One Democratic lawmaker, who spoke on the condition of anonymity, remains listed as a co-sponsor of the measure, but said he remains uncertain whether he will vote for its passage.
“I don’t think this issue is meant to be a foreign policy thrust on the part of the Democrats,” the lawmaker said, and added: “I don’t view this as a setback for the Speaker.”
Murtha said Wednesday, however, that he estimates between 55 and 60 Democrats likely would oppose the bill if a vote were taken immediately.
“If it were to run today, it would not pass,” he added. After leaving the press conference, Murtha said of Democratic leaders: “I think they did miscalculate” support for the measure.
Republican Rep. Ray LaHood (Ill.), who also is listed as co-sponsor of the measure, echoed Murtha’s sentiment and suggested that Democrats may have not given the issue enough attention.
Pelosi “got ahead of her troops. This is the first time it’s happened. She and her staff have learned a very hard lesson,” he said. “These leadership jobs are not easy, particularly when they have a fractured Caucus like they do.”
Should Democrats shelve the measure, it would mirror a decision made in 2000 by then-Speaker Dennis Hastert (R-Ill.), who canceled a vote on the same resolution at the request of then-President Clinton.
Earlier this year, Republicans targeted Pelosi after she met with Syrian President Bashar al-Assad during a Middle East trip to Israel, the Palestinian territories, Syria and Saudi Arabia with a contingent of Democratic House Members and one Republican lawmaker.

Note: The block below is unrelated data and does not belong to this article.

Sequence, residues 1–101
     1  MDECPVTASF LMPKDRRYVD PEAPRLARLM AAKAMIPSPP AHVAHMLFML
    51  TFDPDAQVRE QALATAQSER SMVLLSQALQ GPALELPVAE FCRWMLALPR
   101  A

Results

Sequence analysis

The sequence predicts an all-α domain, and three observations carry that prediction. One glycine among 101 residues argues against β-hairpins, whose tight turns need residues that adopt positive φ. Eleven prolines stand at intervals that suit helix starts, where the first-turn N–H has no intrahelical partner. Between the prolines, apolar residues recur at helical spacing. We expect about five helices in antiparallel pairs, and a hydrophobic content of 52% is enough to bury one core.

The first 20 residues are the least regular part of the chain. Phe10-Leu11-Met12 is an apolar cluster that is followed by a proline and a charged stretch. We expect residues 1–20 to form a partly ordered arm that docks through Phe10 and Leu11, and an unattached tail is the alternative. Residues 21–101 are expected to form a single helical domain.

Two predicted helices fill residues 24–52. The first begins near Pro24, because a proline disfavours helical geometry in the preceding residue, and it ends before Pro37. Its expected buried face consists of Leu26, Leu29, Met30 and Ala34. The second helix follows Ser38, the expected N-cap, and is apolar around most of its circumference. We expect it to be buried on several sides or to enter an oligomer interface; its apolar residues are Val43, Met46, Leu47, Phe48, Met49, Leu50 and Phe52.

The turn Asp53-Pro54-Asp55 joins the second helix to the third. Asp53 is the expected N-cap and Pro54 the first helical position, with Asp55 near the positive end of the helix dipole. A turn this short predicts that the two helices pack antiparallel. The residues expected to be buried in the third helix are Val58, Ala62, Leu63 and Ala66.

The trip was criticized by the White House and drew the ire of most Republican Members back home, particularly after the Israeli government refuted remarks Pelosi made in Syria that Israel was ready to engage in peace negotiations with the al- Assad regime.
In the meantime, Democrats faced other headaches Wednesday in the House, prompting leadership to scrub an expected vote on revised rules targeting the government’s wiretapping and surveillance programs.
Republicans claimed credit for the delay on reauthorizing the Foreign Intelligence Surveillance Act, which was prompted by a GOP-authored amendment that was to be offered under a parliamentary procedure known as a motion to recommit.
“Our proposal gives Democrats a very simple choice: They can allow our intelligence officials to conduct surveillance on likes of Osama bin Laden and al-Qaida or prohibit them from doing so and jeopardize our national security,” House Minority Leader John Boehner (R-Ohio) said in a statement. “Every member of the Majority will now have the opportunity to go on record and take a firm position for or against giving our intelligence community all the tools they need to keep America safe.”
But Democrats criticized the expected amendment.
“Their motion to recommit is an attempt to take a political shot on a critical national security bill, and we’re not going to let them play politics with our nation’s security,” said Kristie Greco, spokeswoman for House Majority Whip James Clyburn (D-S.C.).